What is the next generic tool for machine learning? This workshop will explore how it might be possible to construct a general purpose tool for learning from temporal and spatial data. Many emerging applications of machine learning require learning a mapping y = F(x) where the x's and the y's are complex objects such as time series, sequences, 2-dimensional maps, images, GIS layers, etc. Examples of such applications include various forms of information extraction, landcover prediction in remote sensing, protein secondary structure prediction, identifying fraudulent transactions, computer intrusion detection, and classical problems such as text-to-speech mapping and speech recognition. The purpose of this workshop is to bring together researchers from several fields to discuss research and application challenges in this area. Specifically, we will ask the participants to identify the various existing approaches to learning from spatial and temporal data, the state of the underlying theory, the state of existing tools and tool kits, and the prospects for developing new off-the-shelf tools.
Thomas G. Dietterich, Oregon State University,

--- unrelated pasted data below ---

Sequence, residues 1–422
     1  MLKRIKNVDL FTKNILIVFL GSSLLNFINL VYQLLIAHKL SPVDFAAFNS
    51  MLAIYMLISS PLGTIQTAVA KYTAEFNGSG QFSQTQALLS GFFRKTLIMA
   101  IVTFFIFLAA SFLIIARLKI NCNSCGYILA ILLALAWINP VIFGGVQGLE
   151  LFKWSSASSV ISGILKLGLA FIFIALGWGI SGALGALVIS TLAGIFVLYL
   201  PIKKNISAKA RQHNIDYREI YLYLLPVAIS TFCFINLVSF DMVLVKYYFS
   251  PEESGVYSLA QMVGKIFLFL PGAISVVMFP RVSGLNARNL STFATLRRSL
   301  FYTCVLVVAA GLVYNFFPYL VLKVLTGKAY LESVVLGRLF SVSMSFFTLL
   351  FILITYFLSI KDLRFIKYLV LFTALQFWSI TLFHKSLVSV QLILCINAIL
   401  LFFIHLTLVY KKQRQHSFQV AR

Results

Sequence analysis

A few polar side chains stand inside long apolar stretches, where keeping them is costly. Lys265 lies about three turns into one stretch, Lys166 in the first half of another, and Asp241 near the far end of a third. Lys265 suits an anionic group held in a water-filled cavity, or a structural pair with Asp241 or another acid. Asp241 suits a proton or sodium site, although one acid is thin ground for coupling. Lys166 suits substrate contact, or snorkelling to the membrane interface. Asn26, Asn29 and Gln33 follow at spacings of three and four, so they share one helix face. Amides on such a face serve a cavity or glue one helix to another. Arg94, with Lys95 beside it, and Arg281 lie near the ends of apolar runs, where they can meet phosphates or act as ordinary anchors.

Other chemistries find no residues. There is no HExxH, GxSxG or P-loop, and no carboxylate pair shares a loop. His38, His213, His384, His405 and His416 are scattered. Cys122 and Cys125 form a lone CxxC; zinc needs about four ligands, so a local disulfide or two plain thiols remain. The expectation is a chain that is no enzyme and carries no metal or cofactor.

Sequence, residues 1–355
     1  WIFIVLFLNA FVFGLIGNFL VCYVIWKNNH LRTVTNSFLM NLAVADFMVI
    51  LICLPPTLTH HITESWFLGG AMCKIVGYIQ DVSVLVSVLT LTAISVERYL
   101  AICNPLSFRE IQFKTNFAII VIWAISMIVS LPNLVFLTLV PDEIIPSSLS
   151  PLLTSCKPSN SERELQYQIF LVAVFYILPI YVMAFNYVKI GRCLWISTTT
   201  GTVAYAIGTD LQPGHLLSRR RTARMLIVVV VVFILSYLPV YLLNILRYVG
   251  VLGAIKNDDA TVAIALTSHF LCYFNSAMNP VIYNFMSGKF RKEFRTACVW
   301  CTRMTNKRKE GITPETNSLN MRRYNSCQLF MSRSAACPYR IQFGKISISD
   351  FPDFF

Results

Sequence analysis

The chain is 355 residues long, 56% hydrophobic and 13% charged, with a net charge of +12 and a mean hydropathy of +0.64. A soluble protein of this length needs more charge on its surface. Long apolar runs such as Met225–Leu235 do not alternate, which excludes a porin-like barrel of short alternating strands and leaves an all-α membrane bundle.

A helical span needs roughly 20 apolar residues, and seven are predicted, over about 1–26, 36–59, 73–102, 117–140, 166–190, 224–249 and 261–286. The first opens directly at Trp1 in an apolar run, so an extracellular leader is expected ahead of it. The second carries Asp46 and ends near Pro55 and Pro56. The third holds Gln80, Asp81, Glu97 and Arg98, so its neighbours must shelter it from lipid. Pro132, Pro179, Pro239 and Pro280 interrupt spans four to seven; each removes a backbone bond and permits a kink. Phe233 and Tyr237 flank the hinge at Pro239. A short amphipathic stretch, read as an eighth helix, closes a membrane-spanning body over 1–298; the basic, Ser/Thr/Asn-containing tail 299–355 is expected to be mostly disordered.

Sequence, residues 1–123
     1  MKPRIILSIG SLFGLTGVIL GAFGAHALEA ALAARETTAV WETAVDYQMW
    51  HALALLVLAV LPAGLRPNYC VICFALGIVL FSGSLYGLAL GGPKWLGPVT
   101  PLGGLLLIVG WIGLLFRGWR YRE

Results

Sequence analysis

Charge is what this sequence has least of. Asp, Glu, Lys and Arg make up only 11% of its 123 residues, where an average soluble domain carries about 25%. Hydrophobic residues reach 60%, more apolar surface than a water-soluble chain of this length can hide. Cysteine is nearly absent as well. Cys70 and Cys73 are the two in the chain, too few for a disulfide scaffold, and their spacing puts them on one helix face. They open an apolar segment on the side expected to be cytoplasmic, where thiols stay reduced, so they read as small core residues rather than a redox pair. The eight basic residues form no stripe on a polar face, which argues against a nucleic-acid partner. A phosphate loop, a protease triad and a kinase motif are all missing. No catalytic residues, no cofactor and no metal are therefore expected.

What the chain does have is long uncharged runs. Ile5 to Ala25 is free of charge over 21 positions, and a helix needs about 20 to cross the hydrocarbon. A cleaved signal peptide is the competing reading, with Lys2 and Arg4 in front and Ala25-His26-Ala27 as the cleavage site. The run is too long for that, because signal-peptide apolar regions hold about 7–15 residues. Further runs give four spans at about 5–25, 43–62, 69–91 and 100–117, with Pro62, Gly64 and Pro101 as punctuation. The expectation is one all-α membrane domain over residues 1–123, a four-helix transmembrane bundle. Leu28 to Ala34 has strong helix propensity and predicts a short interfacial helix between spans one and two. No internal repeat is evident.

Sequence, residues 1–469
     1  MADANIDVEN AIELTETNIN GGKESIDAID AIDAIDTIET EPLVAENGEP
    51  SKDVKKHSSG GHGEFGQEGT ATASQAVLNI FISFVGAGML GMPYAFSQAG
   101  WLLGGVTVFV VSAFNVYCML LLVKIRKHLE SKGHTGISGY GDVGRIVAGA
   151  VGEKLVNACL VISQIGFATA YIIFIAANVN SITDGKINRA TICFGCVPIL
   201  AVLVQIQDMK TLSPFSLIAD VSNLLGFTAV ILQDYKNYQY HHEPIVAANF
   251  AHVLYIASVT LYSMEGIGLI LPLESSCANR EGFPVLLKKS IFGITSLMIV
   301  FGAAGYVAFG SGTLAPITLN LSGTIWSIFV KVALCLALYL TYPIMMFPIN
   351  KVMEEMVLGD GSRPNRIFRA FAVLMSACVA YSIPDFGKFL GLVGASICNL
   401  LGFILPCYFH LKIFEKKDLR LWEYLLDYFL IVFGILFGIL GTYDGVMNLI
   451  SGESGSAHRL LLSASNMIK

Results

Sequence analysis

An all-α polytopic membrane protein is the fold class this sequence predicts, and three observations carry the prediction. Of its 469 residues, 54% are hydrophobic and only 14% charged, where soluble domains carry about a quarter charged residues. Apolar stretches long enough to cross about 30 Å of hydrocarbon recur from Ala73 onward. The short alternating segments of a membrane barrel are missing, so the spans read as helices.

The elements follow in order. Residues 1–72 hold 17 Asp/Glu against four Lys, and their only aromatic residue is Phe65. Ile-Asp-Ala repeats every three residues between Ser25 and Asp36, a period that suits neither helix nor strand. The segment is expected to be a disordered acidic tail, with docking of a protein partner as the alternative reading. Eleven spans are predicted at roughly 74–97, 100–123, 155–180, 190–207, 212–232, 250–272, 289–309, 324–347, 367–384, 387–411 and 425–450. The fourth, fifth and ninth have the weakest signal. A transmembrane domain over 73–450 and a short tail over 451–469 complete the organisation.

Foster Provost, NYU, firstname.lastname@example.org
Padhraic Smyth, UC Irvine, email@example.com
In recent years, much of the research in reinforcement learning has focused on learning, planning, and representing knowledge at multiple levels of temporal abstraction. If reinforcement learning is to scale to solving larger, more real-world-like problems, it is essential to consider hierarchical approaches in which complex learning tasks are decomposed into subtasks. It has been shown in recent and past work that a hierarchical approach substantially increases the efficiency and abilities of RL systems. Some recent work has shown additional benefits from using memory in reinforcement learning, both alone and in combination with hierarchical approaches. This workshop will be an opportunity for the researchers in this growing field to share knowledge and expertise on the topic, open lines of communication for collaboration, prevent redundant research, and possibly agree on standard problems and techniques.
David Andre, UC Berkeley,
Anders Jonsson, Univ. of Massachusetts, Amherst, firstname.lastname@example.org